Published in Richmond upon Thames College Magazine, October 2009
“I have often said that I have nothing to say as an artist. Having something to say implies that one is struggling with meaning. The role of the artist is in fact that we don’t know what to say, and it is that not knowing that leads to the work.” – Anish Kapoor
Anish Kapoor is a significant artist who has exerted tremendous influence over fellow artists of his generation, yet is someone relatively unknown. I personally hadn’t heard of him until I saw posters all over London of his unusual, colourful and textural creations. Kapoor was awarded the Turner prize in 1991, the year I and many of you were born, so in our memories he is sometimes lost in the abyss of artists who are not yet dead and remembered, but aren’t a la mode and claiming inches of newspaper columns with their latest stunts (naming no names, Damien Hirst).
What sets Anish Kapoor apart from other contemporary artists is his thorough exploration of colour and form with each series of sculptures being different to any that he has done before. The exhibition hosts rooms of mirrors, fantastical objects covered in colour pigment, sculptures created out of wax, cement, iron, fibreglass and marble, works coming out and going into the wall, a massive slow-moving carriage of wax that travels the length of five galleries and a canon. This one man show is a menagerie of mediums, leaving the spectator dizzied with visual stimulation.
Another aspect of the exhibition that distinguishes it from others is the interactivity of it; one can walk around, through and under the sculptures, making it a more enjoyable exhibition to see, breaking the mould of the sometimes monotonous experience one has when looking at painting after painting in a gallery.
One of the most memorable rooms is the home of Kapoor’s ‘Non-objects’ which are deceiving mirrors which are enjoyable and akin to a house of mirrors at a fun fair. They are exquisitely smooth and polished with all traces of human manufacture removed, to help induce the experience of the “contemporary sublime”. One mirror turns everything upside down, but once you are dizzyingly close, it is reverted back to normal but magnified. The are two huge bowl shapes hanging on the wall which you can completely submerge your head in, a long curved mirror ‘wall’ and a few free-standing 3D shapes which are, in lack of other words, ‘trippy’. The only downside of this part was its environment; the effect would have been enhanced if it had been in a plain white room, rather than an old classical floor-boarded room at the RoyalAcademy with those metal grates in the floor, taking away from the potentially transcendental effect.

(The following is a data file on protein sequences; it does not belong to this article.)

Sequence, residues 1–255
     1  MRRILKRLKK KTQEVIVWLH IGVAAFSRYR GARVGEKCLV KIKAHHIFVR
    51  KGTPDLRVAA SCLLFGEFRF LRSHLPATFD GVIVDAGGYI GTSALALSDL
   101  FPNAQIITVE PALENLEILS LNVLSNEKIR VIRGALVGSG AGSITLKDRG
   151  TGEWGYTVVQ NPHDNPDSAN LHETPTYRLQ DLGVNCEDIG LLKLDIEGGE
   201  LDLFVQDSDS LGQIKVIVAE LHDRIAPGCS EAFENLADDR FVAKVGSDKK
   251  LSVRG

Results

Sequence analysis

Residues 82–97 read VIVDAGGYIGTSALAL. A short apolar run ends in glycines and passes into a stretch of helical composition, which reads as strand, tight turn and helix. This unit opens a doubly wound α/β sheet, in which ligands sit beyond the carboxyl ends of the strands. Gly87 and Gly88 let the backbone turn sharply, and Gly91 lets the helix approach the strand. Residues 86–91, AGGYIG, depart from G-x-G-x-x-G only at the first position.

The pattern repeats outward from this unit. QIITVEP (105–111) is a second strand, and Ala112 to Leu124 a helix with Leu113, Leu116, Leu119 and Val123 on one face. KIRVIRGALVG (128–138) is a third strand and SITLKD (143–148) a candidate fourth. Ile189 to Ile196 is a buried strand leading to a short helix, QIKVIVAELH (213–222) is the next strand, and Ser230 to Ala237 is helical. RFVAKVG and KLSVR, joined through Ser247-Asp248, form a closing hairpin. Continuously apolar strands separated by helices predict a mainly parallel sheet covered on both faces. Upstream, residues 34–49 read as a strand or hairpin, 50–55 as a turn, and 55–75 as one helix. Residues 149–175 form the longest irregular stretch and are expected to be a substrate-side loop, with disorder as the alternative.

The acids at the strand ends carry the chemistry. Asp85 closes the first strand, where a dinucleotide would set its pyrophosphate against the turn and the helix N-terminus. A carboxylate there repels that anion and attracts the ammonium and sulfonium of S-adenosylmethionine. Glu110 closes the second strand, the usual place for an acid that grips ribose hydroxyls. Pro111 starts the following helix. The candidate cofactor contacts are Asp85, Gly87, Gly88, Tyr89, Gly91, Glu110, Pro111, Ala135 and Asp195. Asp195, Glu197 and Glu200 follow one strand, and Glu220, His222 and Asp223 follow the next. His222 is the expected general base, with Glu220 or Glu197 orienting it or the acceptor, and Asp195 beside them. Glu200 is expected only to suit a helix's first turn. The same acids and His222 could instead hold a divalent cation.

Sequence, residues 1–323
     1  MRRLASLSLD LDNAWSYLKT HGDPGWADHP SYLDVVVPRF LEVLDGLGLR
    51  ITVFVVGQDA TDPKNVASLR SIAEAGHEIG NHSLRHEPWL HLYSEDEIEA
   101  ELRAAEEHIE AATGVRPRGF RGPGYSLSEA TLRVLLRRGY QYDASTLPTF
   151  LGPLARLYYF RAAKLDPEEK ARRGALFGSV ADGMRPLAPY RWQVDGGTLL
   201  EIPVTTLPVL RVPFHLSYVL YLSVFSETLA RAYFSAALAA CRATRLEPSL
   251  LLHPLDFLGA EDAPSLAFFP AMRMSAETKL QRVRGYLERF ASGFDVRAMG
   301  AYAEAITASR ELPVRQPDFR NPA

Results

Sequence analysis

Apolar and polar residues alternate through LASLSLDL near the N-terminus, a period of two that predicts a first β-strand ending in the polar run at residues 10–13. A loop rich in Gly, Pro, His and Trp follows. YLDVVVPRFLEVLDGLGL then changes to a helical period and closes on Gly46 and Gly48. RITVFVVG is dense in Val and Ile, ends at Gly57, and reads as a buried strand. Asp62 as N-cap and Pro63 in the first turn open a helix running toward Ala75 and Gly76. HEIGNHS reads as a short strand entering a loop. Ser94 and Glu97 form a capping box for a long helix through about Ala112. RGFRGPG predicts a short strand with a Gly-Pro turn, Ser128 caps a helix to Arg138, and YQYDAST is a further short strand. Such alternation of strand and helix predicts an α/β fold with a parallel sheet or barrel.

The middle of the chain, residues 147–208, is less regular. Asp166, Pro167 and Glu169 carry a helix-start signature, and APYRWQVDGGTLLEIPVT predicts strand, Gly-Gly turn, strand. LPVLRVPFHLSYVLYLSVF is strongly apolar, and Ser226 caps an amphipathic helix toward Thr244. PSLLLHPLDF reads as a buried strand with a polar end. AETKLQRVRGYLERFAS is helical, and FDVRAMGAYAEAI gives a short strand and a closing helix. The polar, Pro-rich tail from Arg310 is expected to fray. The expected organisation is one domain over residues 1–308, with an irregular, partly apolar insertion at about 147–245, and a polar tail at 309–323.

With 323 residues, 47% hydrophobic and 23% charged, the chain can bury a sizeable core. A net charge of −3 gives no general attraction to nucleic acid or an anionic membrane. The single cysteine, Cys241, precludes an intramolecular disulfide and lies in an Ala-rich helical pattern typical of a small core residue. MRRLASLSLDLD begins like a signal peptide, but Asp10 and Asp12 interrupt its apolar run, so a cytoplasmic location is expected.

For me, the supposed highlight of the exhibition ‘Shooting into the Corner’ (2008-09) was an overrated anticlimax. ‘Shooting into the Corner’ is a canon which, every twenty minutes, fires a shell of wax (weighing about 20lbs) into another room at 50mph. It sounds impressive but the reality was disappointing. I am probably in a minority thinking this, as a young adult and a girl but the waiting around in a cramped space with a limited view wasn’t worth the final heavily anticipated ‘pop’ of wax hitting a wall, to cumulate with the hundreds of other obliterated shells of wax. It cheered up the young kids who had been dragged along immensely, but I left disgruntled with sore feet.
All in all I enjoyed it greatly and it will stay in my memory as one of the most fun exhibitions that I have been to. It was also thought-provoking and challenged my ideas of the role of colour and my perceptions of modern art, which may need to be seriously rethought!